|Day's Range||2,800.47 - 2,846.16|
|52 Week Range||2,346.58 - 2,940.91|
It's time for Retirement Ready, brought you by Fidelity Investments. We know how important it is to start saving as early as possible for retirement, but what are some ways to get the biggest bang for your buck? Joining us to discuss is Principal of Wesley Wealth Management, Christy Smith.
Kate Warne, Edward Jones Investment Strategist, says that if we see dramatically higher inflation, it could “force the Fed to become less patient and potentially raise interest rates.” Yahoo Finance’s Alexis Christoforous speaks to her, Brian Sozzi and Jared Blikre.
March 21: The Conference Board’s U.S. leading economic indicator, or LEI, index was +0.2% on a month-over-month basis in February (the median forecast was +0.1%) following no change in January, -0.1% in December, no change in November, -0.1% in October, +0.5% in September, +0.5% in August, and +0.6% in July. The data show the net contributions to the index by component, illustrating that the biggest positives in February were stock prices, the leading credit index, and consumer expectations. The following commentary from the Conference Board was included in the press release, and it is consistent with our own forecast: “The U.S. LEI increased in February for the first time in five months.
The yield-curve inversion might not be signaling a recession yet, but there are other reasons to worry, says one strategist.
One of today's foremost value investors, Mohnish Pabrai (Trades, Portfolio) joined GuruFocus this week to share his insights and discuss recent portfolio moves. Warning! GuruFocus has detected 5 Warning Signs with CATS.
A key recession indicator has started to flash red for the first time since 2007. But it may not spell trouble for the economy—at least not yet.
Yields on the 10-year Treasuries fell below three-month Treasury yields earlier on Friday, inverting the so-called yield curve. That’s a sign that a recession could be looming.
In a letter to House and Senate committee chairmen, Attorney General William Barr said he may be able to tell them this weekend Special Counsel Robert Mueller's "principal conclusions." Mueller delivered his report to Barr Friday. He has been investigating whether Donald Trump's presidential campaign aided Russia in interfering with the 2016 election. Trump has denied the allegation.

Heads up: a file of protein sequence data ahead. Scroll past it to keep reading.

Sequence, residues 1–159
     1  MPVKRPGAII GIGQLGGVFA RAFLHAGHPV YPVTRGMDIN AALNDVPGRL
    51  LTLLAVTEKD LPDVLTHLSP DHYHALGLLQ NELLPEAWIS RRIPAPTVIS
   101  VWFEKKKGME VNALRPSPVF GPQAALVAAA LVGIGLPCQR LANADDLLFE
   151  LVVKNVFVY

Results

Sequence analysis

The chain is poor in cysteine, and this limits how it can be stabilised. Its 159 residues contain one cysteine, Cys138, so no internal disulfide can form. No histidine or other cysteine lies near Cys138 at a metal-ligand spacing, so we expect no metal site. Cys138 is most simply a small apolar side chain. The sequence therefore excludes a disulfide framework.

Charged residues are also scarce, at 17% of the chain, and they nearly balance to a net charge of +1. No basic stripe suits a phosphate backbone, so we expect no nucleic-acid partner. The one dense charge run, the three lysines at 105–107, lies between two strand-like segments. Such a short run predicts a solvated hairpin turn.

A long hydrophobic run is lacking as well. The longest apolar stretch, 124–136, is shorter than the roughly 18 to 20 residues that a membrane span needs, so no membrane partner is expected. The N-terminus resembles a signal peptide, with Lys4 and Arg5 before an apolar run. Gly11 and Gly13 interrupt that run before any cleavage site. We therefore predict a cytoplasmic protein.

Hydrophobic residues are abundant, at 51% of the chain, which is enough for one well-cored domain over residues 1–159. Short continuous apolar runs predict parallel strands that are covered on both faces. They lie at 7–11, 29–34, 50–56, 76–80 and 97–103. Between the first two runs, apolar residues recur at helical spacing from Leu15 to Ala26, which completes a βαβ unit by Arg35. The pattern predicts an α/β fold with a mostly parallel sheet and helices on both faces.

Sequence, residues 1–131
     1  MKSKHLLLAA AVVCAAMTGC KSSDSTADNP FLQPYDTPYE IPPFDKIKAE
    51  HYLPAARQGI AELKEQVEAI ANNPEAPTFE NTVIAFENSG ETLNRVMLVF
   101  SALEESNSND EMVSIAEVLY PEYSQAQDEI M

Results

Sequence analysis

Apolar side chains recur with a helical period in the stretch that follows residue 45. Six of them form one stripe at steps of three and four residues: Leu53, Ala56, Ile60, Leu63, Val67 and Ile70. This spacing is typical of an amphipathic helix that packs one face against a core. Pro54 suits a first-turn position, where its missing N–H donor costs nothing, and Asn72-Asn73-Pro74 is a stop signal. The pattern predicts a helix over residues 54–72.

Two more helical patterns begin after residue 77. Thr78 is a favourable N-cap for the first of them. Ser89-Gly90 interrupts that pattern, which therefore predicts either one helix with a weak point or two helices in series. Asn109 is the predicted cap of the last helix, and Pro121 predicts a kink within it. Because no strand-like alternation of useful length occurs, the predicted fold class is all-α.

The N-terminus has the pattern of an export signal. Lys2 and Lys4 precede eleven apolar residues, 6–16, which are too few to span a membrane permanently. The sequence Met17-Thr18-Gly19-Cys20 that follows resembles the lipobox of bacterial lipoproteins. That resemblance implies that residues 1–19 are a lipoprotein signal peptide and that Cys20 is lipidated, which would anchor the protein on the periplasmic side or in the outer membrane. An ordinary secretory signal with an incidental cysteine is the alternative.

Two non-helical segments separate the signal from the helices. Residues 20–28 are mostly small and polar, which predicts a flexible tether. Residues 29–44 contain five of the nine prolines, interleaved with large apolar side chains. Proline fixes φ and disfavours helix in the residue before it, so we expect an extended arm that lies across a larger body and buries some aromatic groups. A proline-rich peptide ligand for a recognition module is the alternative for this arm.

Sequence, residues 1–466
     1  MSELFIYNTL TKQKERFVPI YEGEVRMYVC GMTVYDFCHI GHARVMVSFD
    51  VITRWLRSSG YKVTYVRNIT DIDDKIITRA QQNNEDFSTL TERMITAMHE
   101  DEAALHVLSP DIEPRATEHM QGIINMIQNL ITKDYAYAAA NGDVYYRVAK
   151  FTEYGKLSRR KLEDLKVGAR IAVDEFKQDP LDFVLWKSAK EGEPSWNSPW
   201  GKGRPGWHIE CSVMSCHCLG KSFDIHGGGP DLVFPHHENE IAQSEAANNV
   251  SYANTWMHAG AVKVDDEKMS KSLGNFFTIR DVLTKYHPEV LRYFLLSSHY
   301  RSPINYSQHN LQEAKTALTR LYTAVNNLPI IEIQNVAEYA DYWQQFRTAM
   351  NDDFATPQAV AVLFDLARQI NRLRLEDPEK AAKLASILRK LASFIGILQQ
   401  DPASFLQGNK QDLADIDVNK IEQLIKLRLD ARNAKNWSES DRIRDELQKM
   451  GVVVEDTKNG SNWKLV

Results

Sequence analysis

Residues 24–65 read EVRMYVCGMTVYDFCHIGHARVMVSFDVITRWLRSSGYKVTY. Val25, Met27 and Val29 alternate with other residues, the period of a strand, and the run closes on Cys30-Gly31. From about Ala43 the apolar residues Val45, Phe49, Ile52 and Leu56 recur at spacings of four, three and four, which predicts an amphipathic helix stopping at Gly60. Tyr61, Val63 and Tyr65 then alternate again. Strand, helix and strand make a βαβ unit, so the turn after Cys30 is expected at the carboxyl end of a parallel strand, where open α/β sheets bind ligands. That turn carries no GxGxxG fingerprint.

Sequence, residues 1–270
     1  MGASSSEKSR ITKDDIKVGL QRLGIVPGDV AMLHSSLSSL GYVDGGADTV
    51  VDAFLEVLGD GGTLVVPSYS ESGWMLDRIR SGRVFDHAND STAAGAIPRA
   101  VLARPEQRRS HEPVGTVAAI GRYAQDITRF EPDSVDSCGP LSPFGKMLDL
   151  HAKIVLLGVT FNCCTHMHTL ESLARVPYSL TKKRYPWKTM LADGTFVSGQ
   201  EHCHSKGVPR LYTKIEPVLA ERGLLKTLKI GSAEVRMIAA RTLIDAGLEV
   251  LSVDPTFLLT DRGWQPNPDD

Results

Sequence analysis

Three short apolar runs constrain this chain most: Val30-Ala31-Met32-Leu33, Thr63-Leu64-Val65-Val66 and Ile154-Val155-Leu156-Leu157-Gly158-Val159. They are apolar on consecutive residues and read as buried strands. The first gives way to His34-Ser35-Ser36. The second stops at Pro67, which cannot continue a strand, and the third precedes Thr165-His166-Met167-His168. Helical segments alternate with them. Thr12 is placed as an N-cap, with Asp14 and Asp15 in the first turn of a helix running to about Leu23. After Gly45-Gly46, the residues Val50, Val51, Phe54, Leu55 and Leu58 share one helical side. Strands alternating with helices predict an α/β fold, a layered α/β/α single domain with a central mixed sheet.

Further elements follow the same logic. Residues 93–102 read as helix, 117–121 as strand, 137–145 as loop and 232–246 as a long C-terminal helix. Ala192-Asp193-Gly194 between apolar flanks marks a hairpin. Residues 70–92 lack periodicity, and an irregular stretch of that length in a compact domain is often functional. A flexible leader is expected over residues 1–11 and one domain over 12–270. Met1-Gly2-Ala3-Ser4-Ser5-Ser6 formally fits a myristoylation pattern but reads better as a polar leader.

The president endorsed the public release of Special Counsel Robert Mueller’s report on possible ties between the Trump campaign and Russian election meddling. Here’s what it would take for investors to take notice.
Special Counsel Robert Mueller has delivered his report to Attorney General William Barr, multiple media outlets said Friday. Mueller has investigated whether the Trump campaign aided Russian efforts to interfere in the 2016 presidential election. President Donald Trump has repeatedly denied that allegation.
Stocks closed broadly lower on Wall Street Friday, erasing the market's gains for the week, as investors became increasingly worried that the global economy is slowing down. Traders shifted money into ...
The S&P 500 Index fell 0.8 percent over the five days while the Stoxx Europe 600 Index posted the worst week this year as focus shifted to slowing economic data and President Donald Trump’s decision to keep China tariffs. Yes, investors are surely grateful to Powell for this year’s $10 trillion global stock rally.
The bears were surprised by a positive response to a very dovish Federal Reserve on Thursday, but they finally found an issue that caused some market concern to close out the week. Typically, shorter-term interest rates are lower than longer term rates. This causes shorter-term rates to rise faster than longer-term rates.
Nike led the Dow Jones Industrial Average lower as bond investors sent a clear signal they expect the economic expansion to end.
U.S. stocks close sharply lower Friday, with all major indexes logging their worst day in nearly three months, after a downbeat round of economic data in Europe and the U.S. stoked global growth fears while a closely watched measure of the yield curve inverted for the first time since 2007, triggering recession worries.
Stocks around the world fell and U.S. Treasuries yields sent warning signals for a possible recession on Friday after weaker-than-expected U.S. and European data intensified fears of a global economic slowdown. After weak U.S. manufacturing and services data, U.S. Treasury 10-year note yields sank below three-month Treasury bill yields for the first time since 2007. Investors fled from riskier bets as a yield curve inversion is seen as a leading recession indicator.
Wall Street stocks sold off sharply on Friday, with all three major U.S. stock indexes posting their biggest one-day percentage declines since Jan. 3, as weak factory data from the United States and Europe led to an inversion of U.S. Treasury yields, fuelling fears of a global economic downturn. Capping five tumultuous days of trading, the S&P 500, the Dow and the Nasdaq were all down for the week. A weaker-than-expected reading of U.S. factory activity in March, along with similarly dour reports from Europe and Japan, helped send U.S. Treasury yields into an inversion, with the spread between yields of three-month Treasury bills exceeding those of 10-year notes for the first time since 2007.